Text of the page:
XmAb20717 for Endometrial Cancer

Phase-Based Progress Estimates
Valkyrie Clinical Trials, Los Angeles, CA
Endometrial Cancer+10 More
XmAb20717 - Biological
All Sexes
Eligible conditions

Study Summary

A Study of XmAb20717 in Patients With Selected Advanced Gynecologic and Genitourinary Malignancies

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Eligible Conditions

  • Endometrial Cancer
  • Cervical Carcinoma
  • Ovarian Cancer
  • Clear Cell Carcinoma
  • Metastatic Castration Resistant Prostate Cancer (CRPC)

Treatment Effectiveness

Effectiveness Progress

1 of 3

Study Objectives

This trial is evaluating whether XmAb20717 will improve 1 primary outcome in patients with Endometrial Cancer. Measurement will happen over the course of 12 weeks.

12 weeks
ORR as assessed by RECIST 1.1 criteria (efficacy)

Trial Safety

Safety Progress

2 of 3
This is further along than 68% of similar trials

Trial Design

1 Treatment Group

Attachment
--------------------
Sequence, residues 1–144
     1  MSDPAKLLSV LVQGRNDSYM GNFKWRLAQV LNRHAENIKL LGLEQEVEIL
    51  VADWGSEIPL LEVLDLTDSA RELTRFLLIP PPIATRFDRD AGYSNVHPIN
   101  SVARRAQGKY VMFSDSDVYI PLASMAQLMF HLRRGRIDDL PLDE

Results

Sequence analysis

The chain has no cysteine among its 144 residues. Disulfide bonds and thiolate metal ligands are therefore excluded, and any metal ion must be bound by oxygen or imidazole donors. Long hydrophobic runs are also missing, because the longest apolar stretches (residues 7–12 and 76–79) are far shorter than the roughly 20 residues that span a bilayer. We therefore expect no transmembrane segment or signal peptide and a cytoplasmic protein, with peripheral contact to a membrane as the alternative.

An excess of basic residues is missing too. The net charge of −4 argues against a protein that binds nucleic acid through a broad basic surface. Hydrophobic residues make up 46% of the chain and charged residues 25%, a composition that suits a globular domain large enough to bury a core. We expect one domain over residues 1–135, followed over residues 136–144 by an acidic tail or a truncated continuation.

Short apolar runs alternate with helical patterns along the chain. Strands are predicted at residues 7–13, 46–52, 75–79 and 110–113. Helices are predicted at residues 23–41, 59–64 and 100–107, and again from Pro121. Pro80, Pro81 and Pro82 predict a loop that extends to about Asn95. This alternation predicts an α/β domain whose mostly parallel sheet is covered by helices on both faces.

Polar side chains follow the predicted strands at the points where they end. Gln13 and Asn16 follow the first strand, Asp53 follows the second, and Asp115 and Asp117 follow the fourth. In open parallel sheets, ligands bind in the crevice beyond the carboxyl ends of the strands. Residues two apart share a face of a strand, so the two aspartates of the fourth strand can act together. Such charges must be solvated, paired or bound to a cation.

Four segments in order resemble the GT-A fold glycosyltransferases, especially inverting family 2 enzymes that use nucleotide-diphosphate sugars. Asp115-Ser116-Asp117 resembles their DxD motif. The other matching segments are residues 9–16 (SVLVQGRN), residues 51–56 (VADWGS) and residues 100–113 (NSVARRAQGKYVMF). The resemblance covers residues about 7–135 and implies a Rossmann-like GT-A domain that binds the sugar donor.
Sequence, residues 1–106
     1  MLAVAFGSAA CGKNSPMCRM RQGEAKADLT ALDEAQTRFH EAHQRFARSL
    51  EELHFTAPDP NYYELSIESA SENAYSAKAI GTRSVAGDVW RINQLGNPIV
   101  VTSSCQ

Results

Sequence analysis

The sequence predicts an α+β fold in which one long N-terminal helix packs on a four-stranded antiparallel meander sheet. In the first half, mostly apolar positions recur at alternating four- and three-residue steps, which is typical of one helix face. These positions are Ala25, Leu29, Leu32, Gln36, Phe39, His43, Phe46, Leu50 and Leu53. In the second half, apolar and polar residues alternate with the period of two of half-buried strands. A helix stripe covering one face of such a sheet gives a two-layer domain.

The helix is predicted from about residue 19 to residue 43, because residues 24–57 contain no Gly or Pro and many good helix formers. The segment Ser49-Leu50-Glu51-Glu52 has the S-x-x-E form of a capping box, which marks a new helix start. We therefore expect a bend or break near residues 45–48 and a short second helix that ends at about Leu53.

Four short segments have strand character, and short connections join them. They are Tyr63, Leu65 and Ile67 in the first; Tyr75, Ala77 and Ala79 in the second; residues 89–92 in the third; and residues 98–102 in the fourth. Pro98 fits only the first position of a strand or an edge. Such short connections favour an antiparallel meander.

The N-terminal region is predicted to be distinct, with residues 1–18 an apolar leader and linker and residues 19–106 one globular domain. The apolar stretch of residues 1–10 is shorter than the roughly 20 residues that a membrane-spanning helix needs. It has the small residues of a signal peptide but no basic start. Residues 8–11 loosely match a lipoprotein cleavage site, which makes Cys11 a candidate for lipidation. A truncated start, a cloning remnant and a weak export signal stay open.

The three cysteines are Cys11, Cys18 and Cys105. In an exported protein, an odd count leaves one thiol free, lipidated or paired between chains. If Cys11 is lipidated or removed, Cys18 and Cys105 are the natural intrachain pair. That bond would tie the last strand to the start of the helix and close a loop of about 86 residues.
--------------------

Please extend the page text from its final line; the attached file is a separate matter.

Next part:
1 of 1
Experimental Treatment

This trial requires 150 total participants across 1 different treatment group

This trial involves a single treatment. XmAb20717 is the primary treatment being studied. Participants will all receive the same treatment. There is no placebo group. The treatments being tested are in Phase 2 and have already been tested with other people.


Trial Logistics

Trial Timeline

Approximate Timeline
Screening: ~3 weeks
Treatment: Varies
Reporting: 12 weeks
This trial has the following approximate timeline: 3 weeks for initial screening, variable treatment timelines, and roughly 12 weeks for reporting.

Closest Location

Valkyrie Clinical Trials - Los Angeles, CA

Eligibility Criteria